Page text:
Euro/dollar opened U.S trading at 1.3285 (8:00 am ET) having fallen from European high at 1.3317 which came after the better than expected German ZEW data (5:00 am ET, current situation 18.3 vs. 12.0, expectations 42.0 vs. 39.9).
Although the U.S. retail sales data at 8:30 am was middling at best, (sales 0.2% vs. 0.3%, ex auto 0.5% vs. 0.4%, control group 0.5% vs. 0.4%) the euro took a sharp drop to 1.3256 within five minutes and to the day's low at 1.3234 by 11:00 am.
After the initial drop the euro recovered to 1.3270 but sellers stopped the rally and the impetus triggered minor stops at 1.3250, stopping at 1.3246. Another brief surge to 1.3259 and sellers again intervened pushing to 1.3236. A final pop to 1.3253 brought out the last group and with rising US yields the dollar halted at the day’s low.
Except for the drop at retail sales, the selling interest was limited in scope and largely intra-day, positions that were taken back in the afternoon as the euro gradually moved back to trade around 1.3260. The base of the two minute drop after the number, 1.3265, acted a resistance throughout the remainder of the day.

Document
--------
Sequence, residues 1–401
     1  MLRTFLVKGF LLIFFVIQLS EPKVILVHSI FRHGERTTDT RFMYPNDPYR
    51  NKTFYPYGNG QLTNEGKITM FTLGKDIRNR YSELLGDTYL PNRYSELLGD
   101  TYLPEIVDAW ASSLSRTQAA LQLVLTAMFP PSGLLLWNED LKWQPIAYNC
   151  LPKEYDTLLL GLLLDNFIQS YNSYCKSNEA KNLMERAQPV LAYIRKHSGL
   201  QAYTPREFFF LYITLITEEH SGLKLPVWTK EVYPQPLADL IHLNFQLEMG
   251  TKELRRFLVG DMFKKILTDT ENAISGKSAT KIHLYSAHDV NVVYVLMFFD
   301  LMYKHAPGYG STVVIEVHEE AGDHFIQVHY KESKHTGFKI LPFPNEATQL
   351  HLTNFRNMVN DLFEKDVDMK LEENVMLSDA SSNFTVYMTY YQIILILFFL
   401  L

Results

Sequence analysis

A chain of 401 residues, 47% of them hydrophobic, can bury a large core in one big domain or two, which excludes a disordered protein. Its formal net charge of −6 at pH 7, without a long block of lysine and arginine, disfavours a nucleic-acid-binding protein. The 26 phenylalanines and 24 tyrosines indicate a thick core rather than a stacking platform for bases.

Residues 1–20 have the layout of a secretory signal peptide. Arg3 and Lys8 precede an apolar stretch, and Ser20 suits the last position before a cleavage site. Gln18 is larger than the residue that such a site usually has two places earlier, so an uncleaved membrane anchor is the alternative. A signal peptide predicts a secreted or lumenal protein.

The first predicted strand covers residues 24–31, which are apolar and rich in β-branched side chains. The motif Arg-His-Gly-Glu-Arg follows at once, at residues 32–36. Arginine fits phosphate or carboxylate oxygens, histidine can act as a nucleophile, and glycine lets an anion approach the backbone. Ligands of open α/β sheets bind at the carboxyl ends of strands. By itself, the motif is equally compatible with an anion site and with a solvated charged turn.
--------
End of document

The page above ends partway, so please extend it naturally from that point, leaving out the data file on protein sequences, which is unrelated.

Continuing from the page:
Treasury yields had begun to move higher before the sales release. By 8:30 am the 10-year was at 2.68%, up 6 basis points and noon it had reached 2.72% providing support for the dollar. Funds were reported to be selling Treasuries
Comments from Atlanta Fed President Dennis Lockhart, a non-voter at the FOMC, that the central bank could begin reducing its bond buying as early as September even though inflation is well below the Fed's 2.0% target, produced little market reaction.